As the impacts of fossil fuels and air pollution on the world’s climate became ever more apparent in 2021, it was easy to miss some of the slower-brewing stories of the past year.
That’s in part because it was a year marked by disruption by climate-related disasters, as many reading this likely experienced personally. We now live in a world that’s 1.1 degrees hotter, where one out of every three Americans lived in a federally-declared disaster area because of a flood, wildfire, or other weather-related catastrophe — over the past summer alone.
But amidst all the turmoil, the push for an energy transition away from fossil fuels drove onward — not always smoothly, but spurred by a powerful mix of environmental necessity and economics. “A new global energy economy is emerging,” the International Energy Agency’s executive director Fatih Birol said as the agency released its December report on renewable energy, which found 2021 smashed records for new solar, wind, and renewable energy installations.
Here, DeSmog looks back at some of the stories from the past year that might propel an even faster transition in 2022, developments and stories whose importance was perhaps easy to miss amid the urgent headlines generated by the climate crisis from day-to-day.
Fossil fuels drove inflation, volatility
For fossil fuels, 2021 was a year that was also marked by a different form of upheaval and uncertainty as natural gas prices in particular soared and plunged amid severe weather and as LNG exports connected U.S. supplies to demand abroad. “The volatility in the natural gas market has been off the charts for several months,” one financial analyst told CNBC in November. Daily natural gas prices, kept low for most of the decade by the rush to drill and frack shale oil and gas, dipped as low as $2.43 per thousand cubic feet (mcf) and spiked as high as $23.86/mcf in 2021, EIA data shows.
Many electricity and gas customers probably felt that all too directly in their wallets, and more broadly as this year’s higher fossil fuel costs became a major driver of inflation. “What people really have not gotten their heads around is how much of the inflation we’re seeing now is driven by energy,” J.W. Mason, a City University of New York economist, told the New Republic in November. “If you remove our reliance on fossil fuels you remove the biggest source of inflation in the economy.”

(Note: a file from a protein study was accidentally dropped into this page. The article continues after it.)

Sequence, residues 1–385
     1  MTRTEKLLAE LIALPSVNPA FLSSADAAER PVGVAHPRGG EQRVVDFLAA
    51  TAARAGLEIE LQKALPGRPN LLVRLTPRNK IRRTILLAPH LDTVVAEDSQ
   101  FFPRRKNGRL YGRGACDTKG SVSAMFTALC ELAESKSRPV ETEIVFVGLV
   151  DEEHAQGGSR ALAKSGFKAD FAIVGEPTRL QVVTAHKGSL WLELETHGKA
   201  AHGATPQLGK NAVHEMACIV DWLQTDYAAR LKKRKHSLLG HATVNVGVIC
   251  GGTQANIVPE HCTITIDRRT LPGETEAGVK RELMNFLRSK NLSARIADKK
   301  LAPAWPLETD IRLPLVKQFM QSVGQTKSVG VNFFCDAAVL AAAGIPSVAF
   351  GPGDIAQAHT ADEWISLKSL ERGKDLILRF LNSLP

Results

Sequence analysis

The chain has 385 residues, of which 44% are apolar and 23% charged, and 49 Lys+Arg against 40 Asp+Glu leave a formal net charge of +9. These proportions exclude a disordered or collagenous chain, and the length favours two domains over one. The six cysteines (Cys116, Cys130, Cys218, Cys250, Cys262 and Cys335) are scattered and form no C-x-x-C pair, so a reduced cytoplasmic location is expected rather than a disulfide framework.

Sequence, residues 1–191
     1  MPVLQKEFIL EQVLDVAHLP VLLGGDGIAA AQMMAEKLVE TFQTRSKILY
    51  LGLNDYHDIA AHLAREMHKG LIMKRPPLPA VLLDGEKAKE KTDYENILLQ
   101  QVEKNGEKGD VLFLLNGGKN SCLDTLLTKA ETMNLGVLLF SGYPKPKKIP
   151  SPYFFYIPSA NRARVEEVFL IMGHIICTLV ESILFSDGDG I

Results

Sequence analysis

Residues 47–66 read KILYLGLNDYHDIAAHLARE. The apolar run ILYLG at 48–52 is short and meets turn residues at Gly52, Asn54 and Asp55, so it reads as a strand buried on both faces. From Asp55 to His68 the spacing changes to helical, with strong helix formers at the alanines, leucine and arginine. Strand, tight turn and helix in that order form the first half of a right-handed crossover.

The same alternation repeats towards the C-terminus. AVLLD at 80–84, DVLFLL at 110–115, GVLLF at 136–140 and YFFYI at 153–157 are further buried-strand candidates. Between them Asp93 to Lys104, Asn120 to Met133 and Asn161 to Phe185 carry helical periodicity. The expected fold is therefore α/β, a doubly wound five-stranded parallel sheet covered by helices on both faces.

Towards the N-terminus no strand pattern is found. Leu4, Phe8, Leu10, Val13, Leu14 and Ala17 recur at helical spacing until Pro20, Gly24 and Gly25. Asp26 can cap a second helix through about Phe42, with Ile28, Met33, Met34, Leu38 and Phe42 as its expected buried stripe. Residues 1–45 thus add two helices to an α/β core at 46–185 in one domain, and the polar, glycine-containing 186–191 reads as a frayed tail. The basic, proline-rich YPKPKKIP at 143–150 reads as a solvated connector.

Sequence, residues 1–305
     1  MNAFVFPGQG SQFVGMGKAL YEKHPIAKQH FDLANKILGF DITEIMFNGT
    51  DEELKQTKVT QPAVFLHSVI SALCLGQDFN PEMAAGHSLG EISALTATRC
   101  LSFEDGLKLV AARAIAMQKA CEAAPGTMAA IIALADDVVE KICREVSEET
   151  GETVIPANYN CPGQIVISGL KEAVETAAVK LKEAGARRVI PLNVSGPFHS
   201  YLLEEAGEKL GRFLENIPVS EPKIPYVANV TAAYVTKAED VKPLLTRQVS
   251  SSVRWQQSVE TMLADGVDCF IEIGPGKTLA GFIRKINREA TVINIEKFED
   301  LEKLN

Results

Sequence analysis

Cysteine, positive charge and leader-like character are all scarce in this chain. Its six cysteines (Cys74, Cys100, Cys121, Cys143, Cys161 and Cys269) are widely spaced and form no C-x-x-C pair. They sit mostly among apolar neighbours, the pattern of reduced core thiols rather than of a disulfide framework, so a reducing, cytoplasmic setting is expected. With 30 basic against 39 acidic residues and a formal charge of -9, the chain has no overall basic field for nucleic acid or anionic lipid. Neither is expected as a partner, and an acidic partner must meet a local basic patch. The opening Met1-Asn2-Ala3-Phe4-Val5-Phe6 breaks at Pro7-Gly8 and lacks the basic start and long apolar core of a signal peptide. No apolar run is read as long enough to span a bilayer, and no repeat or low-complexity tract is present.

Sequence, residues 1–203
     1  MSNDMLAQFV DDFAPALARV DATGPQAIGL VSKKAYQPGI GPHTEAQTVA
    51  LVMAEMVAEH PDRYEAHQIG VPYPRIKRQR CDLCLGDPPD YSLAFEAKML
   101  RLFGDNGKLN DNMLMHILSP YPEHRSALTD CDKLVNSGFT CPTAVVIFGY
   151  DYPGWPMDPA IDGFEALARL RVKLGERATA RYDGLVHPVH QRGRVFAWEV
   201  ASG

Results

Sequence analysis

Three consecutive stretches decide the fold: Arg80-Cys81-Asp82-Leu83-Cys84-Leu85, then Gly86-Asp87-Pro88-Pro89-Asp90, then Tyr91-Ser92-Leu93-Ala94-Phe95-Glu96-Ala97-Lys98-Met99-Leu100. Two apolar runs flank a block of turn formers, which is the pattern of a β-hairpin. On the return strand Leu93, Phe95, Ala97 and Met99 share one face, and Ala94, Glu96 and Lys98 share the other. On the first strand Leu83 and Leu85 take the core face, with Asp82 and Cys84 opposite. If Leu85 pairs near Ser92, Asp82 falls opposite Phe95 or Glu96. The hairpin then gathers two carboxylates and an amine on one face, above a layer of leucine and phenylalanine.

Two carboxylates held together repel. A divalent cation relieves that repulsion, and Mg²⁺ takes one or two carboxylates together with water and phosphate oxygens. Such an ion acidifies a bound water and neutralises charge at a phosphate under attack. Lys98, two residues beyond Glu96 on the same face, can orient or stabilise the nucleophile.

That’s easy to miss too, in part because of the fossil fuel industry’s response to weather disasters. Last February’s Winter Storm Uri, for example, caused power generation outages over four times larger than any previously seen in the U.S. and left Texas and the south-central U.S. reeling. Backers of the fossil fuel industry sprinted into action, blaming renewable energy and, for example, posting pictures of frozen wind turbines (actually taken in Europe years earlier) on Facebook.
The problem? It was natural gas, far more than wind, that failed to weather the storm, a federal report published in November shows (and solar was barely disrupted at all). The report described the ways that the power plants that burn natural gas froze over and so did the fuel itself, with natural gas getting stuck somewhere between the wellhead and the power plant (the “fossil freeze” DeSmog described in February) driving over a quarter of all the outages in the severe cold. Nearly two out of three power generators that failed to deliver power as Texans froze used natural gas as a fuel, the report found.
Outside of the U.S., Europeans who rely on natural gas for heat or electricity may also be feeling burned amid massive price surges for the notoriously volatile fossil fuel. This year’s spike in prices has been so extreme that they’ve been cited as one reason that the U.S. is seeing higher gas bills. The U.S. Energy Information Administration now projects that the U.S. — which now operates six major export terminals for liquified natural gas (LNG) — will be the world’s largest exporter of natural gas by the end of 2022 — just over five years after the U.S. first began exporting LNG.
Financial regulators, meet climate change
2021 also ushered in new battles over how investors and financial regulators will approach the fossil fuel industry — and those fights are only just getting started.
This year already saw some tables turned when bank regulators the Office of the Comptroller of the Currency, for example, went from considering a Trump-era proposal that critics said would force banks to lend to fossil fuel companies (a proposal quickly tossed by the incoming Biden administration) to calling on banks to address, in the words of Acting Comptroller of the Currency Michael J. Hsu, the “significant risks to the financial system” that climate change poses.
Others, like the Wall Street Journal editorial board, however, continue to insist that the financial risks climate poses are “minimal,” a sign that in 2021, climate denial — which lost a bit of its luster over the past decade in most of the U.S. — remained alive and well at its source: the C-Suite.
Meanwhile, the Securities and Exchange Commission (SEC) has both climate and ESG investment (which aims to focus on environmental, social, and corporate governance issues) in its crosshairs. The SEC is developing a bevy of new rules that will affect how Wall Street thinks about climate change — rules that are likely to stir up a major outcry from the companies that have driven the climate crisis.